Just do a search for just about any “get your ex back” type term. For example, how to get your ex girlfriend back.

    At any given time 4-5 of the top 10 for that keyword are redirects going to a CPA leads website (although whoever controls this changes this from time to time to point to affiliate offers and other stuff). And there’s a restaurant site in the top 10 as well which has no business being ranked for that term.

    First pages for similar terms are also absolutely chock full of pages using sneaky redirects.

    The worst (or best?) Google has done to put a stop to it is to put a “this site may be compromised” warning on a few of the sites. I don’t know anyone who wants to see that junk in the results, so I don’t know why they don’t get rid of it.

    You’d think this type of thing would be a priority to get on top of because it’s a very blatant hacking/spamming technique far worse than someone who has a few low quality links pointing to their website.

  • Jenny Stradling

    Content may still be king, but it’s nothing without marketing behind it. If you want to gain authority and visibility in the Google SERPS you still need a properly optimized website to host that content and an off site SEO (yes links) strategy to get that content seen. Nothing has really changed – the needs are the same… Google still wants two main things: content and links. You just have to be more creative with how you do things.
    Oh and BTW, these algo updates weren’t to improve the quality of the results – they were to identify website owners with deep pockets. Hey, if you can afford to buy 100’s or 1,000’s of links to rank organically – then when you lose that organic traffic due to those links, you are forced to use that money to get traffic another way…. so, what do you do? Give it to Google for paid ads. It’s pretty clear to me what is really going on here. Google has no problem serving up a site that lost rankings in the PAID ad spots. Just sayin.

  • kevin redman

    I am not sure what to make of the update as a lot of my pages ranking went up but when I look at some of the sites above me a lot of them are product placement sites with very little content. So either google loves sites full of adsence or another animal is on its way

  • Ed

    With the latest updated google has crippled many small ecommerce sites. Most of these sites are not blogs and will by the nature of their products have a lot of pages that look like duplicate content.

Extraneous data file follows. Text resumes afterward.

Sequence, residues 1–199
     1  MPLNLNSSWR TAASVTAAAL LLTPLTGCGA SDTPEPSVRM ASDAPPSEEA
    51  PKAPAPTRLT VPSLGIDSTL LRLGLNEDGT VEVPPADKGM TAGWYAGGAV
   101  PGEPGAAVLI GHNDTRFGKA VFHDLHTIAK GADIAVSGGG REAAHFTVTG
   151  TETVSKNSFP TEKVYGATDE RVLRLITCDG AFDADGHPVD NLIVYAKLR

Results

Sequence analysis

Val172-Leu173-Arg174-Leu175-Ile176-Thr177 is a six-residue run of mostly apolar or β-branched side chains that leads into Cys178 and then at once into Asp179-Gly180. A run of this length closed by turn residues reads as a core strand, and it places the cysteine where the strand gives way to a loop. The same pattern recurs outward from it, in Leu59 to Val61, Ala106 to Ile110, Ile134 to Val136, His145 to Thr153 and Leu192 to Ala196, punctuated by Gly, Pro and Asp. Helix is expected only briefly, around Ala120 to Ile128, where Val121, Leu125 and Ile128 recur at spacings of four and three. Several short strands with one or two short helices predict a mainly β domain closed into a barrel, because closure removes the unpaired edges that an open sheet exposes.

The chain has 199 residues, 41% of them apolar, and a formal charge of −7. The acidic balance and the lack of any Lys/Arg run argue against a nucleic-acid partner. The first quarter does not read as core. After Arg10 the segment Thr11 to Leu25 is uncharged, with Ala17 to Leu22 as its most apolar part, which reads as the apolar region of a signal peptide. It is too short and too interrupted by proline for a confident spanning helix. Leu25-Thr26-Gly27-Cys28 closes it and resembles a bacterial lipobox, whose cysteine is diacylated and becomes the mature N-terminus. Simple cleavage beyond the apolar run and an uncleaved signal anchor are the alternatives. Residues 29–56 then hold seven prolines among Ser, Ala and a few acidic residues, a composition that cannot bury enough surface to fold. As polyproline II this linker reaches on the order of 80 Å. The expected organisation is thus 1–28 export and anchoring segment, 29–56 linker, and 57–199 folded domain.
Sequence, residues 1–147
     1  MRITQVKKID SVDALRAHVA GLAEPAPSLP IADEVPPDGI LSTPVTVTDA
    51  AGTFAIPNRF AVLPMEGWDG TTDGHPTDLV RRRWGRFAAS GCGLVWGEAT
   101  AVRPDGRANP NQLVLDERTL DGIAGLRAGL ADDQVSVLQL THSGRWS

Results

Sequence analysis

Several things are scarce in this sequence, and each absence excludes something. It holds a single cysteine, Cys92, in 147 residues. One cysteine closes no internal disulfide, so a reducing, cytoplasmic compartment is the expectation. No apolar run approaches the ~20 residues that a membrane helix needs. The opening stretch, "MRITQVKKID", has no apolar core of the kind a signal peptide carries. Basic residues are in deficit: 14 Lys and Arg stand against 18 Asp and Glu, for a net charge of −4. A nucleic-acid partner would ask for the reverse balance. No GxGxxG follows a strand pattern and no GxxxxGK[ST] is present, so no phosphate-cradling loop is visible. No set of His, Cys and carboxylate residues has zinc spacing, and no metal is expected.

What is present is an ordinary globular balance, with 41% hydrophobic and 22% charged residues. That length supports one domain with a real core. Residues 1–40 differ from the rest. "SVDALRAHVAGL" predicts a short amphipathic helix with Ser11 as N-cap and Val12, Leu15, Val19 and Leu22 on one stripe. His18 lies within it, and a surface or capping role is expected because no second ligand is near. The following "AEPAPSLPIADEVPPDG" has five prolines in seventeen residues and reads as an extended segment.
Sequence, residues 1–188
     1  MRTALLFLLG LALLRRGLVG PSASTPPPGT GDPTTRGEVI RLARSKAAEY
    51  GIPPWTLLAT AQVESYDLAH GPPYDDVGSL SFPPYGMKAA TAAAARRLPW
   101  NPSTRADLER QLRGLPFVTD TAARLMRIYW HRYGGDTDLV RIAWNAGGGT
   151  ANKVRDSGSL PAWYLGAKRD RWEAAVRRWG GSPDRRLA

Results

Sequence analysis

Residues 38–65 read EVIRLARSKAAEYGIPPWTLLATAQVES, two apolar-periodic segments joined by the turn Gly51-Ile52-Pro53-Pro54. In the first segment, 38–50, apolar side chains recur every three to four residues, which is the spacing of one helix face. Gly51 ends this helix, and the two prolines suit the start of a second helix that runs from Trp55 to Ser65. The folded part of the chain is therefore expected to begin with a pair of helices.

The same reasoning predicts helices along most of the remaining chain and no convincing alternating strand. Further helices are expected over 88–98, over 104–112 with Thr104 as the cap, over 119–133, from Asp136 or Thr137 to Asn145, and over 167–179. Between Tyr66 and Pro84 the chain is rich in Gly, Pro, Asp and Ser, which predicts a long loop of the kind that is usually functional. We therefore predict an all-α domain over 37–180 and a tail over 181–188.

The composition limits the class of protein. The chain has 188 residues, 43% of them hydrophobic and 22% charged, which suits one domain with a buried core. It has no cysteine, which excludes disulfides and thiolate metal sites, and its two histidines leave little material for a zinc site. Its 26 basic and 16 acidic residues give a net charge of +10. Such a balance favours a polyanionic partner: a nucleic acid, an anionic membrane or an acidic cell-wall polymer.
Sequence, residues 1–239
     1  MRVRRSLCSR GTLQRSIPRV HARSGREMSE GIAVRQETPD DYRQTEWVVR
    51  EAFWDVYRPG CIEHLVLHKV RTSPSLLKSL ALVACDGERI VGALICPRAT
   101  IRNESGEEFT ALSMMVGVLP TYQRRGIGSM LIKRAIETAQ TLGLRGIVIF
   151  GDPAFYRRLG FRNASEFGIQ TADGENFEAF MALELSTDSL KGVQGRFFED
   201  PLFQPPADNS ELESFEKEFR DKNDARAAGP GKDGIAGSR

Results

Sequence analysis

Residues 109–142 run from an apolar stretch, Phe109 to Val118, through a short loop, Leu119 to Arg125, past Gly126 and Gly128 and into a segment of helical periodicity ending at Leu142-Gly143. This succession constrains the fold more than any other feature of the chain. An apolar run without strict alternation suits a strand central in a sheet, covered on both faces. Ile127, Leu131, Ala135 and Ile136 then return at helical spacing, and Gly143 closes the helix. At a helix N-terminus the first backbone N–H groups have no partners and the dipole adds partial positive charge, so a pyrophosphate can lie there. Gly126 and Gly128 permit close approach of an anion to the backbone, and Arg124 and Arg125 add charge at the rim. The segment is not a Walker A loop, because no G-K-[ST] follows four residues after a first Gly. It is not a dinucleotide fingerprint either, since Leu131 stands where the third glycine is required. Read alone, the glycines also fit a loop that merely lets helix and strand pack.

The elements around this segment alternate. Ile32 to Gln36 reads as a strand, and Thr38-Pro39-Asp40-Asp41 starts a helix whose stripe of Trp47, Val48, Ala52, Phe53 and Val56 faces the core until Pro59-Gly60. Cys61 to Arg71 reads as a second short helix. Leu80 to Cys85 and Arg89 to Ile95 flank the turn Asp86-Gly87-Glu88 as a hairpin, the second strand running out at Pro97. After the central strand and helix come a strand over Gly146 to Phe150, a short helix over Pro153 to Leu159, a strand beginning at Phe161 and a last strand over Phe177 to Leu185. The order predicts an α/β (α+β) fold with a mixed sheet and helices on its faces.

Sad day for many small businesses

  • Ajith Kumar

    i wonder how many genuine webmasters are affected from this update……….. actually its easy to kill a competitor just by taking backlinks and now its become easier specially with tools like xrumer etc

  • Sebastian

    lol,, now i love penguin hahhaa

  • MD

    Google will always be a work in progress. The internet is a changing environment.
    I think this update is a good step in the direction of creating an even better user experience.

  • Magnon International

    These updates have underlined the fact that a website is not for the search engine crawlers, it is for the readers instead. Anything which reduces the stickiness of the website for the readers will automatically reduce its rankings with Google.

  • Mark Bleasdale

    Although we are focusing purely on Content now we still believe that we do need to build our link juice up and backlinks will always be an ongoing push for us.

  • Mark Cody

    I still cant see how the Penguin updates are good for SEO!!! Everyone I have met are still trying to get over the last update!!!

  • Jan Harrison

    The internet is meant to be free and not governed by any organisation!! I think Google are slowly becoming the owners of the internet

  • manish

    I think, this update is good for the websites that have original and rich content

  • Mark

    I truely believe that the last penguin updates have now settled and there seems to be a more positive response and we are now getting better results in our SERPS.

  • Douglas Mills

    This is a great article on GOOGLE penguin update, I think this update is for the best! This is how GOOGLE shoulkd have been all along, quality is now required but I’m sure there are already black hat tricks around this update as well.

  • Richard Gilbert

    I agree with all the above i’m glad Google is putting a stop to people who cheat the search engines. The way i look at it if your lazy and can’t be bothered to write fresh content and build links the proper way then don’t bother at all.